And no, I don't want to hear "it's not practical to go that fast!!!!" Yes, it is. It's all about saving time. Sitting on a train for an hour is NOT saving time, and in fact is making the situation worse because it's driving people to the roads. That's what people don't get. Freeway congestion isn't caused by "building more lanes", it's caused because there are no viable alternatives to controlling time. Make a system that gets people to their jobs as fast as possible, and you'll see less people bothering to drive. As long as the current systems are dirt slow and inefficient, it'll just drive more people to cars.

If I knew I could get from Lynnwood, WA to Seattle, WA in 10-15 minutes by train, I'd do it. But I can't. Instead, you're forced to sit on a bus for over an hour. Why, when a car ride takes 30-40 minutes on average? It doesn't make sense.
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Old 03-12-2014, 08:56 PM
nei nei won $500 in our forum's Most Engaging Poster Contest - Thirteenth Edition (Jan-Feb 2015).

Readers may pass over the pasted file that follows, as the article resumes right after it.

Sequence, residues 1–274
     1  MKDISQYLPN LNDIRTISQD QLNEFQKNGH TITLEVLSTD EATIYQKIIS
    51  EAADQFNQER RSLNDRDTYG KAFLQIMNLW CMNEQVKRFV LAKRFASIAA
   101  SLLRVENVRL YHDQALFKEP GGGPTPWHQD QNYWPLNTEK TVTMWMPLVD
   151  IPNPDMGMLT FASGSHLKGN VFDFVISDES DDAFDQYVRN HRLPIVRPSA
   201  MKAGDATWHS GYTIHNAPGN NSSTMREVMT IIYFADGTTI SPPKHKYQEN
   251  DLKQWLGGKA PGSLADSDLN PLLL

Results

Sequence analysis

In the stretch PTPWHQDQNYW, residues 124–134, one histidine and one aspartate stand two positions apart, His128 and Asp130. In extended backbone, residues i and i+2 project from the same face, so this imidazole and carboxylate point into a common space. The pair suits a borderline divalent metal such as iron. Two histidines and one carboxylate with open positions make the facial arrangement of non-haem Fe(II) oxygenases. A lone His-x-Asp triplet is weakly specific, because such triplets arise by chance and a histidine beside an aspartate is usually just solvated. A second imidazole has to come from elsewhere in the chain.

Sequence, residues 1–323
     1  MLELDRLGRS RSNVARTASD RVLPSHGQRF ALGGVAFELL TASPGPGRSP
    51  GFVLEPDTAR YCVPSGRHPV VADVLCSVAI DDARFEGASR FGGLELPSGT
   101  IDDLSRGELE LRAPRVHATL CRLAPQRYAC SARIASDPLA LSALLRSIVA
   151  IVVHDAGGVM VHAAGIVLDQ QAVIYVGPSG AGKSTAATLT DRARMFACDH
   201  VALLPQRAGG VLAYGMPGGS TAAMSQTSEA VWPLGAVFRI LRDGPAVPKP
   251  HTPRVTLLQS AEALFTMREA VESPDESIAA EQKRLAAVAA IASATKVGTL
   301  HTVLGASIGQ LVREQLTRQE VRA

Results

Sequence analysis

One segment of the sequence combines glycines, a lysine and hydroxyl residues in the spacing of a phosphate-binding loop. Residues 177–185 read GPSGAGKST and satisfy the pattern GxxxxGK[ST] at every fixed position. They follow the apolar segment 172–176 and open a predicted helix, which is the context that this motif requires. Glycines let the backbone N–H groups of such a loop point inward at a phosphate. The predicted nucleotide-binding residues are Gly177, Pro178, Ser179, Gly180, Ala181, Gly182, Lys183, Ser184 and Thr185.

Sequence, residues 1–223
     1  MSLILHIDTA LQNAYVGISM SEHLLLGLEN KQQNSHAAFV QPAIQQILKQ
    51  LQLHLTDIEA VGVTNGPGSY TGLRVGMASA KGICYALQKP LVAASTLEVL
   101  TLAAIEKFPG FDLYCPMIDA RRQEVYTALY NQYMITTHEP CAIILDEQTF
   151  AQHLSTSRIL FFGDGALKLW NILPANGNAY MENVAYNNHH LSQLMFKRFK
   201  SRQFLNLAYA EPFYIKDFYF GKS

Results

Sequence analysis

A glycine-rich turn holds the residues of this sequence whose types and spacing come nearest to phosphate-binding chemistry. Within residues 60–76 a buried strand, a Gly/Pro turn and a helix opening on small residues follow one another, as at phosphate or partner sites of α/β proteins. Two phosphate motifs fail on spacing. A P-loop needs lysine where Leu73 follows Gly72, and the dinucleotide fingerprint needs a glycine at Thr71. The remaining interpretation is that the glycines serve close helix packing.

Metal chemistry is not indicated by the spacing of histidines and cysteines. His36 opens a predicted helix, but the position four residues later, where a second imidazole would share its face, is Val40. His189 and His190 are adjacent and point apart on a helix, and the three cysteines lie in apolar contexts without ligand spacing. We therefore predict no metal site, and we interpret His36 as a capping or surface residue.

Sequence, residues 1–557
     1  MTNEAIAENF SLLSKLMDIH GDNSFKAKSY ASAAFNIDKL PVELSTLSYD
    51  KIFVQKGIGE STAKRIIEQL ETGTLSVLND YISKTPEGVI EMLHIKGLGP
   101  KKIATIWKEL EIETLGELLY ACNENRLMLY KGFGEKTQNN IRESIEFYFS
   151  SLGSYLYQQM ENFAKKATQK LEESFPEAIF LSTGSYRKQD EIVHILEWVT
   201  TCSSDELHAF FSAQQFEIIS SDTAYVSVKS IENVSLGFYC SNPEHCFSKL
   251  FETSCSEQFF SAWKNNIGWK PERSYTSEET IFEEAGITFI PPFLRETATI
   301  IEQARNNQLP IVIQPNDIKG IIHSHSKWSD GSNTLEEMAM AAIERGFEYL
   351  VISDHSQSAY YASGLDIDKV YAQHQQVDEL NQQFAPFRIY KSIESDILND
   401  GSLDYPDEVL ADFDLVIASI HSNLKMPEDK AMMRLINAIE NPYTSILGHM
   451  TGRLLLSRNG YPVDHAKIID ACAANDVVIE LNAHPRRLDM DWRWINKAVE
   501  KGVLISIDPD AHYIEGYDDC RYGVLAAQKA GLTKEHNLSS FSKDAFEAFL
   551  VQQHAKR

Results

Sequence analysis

Over $104,000 in prizes has already been given out to active posters on our forum and additional contests are planned
 
Location: Long Island / NYC
45,989 posts, read 42,008,719 times
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Quote:
Originally Posted by Malloric View Post
No, there really shouldn't. There aren't that many buses on Geary. For a lot of it, it's one route. There's the 38, 38L, and 38(A/B)X which runs only at limited times. So at most you're going to have four buses in a five minute window, and that's rarely, usually more like 2-3 at peak times, just the way the schedules overlap. It doesn't make sense to to have a bus-only lane for four buses. 48 and 92 don't really follow Geary for long.
From the glimpse of Geary I got, it looked like a lot of buses and rather congested ( and it was just before rush hour)

50,000 people is among the highest bus ridersip in the nation for one route, if that doesn't merit at least brt I'm not sure what does. With a segregated lane on a congested road, you'll get much less useful transit and less riders. The link I showed says by people moved, at least half of the people are on transit, so it's not a waste of road space. The cars can also go an alternate route.

Geary deserves some type of grade separated rail, at least if it can be done for a non-astronomical cost (but there's money for San Jose Bart), but in many other spots that consider light rail a segregated bus lane with signal proriority would do just as well for far less money. But that would annoy drivers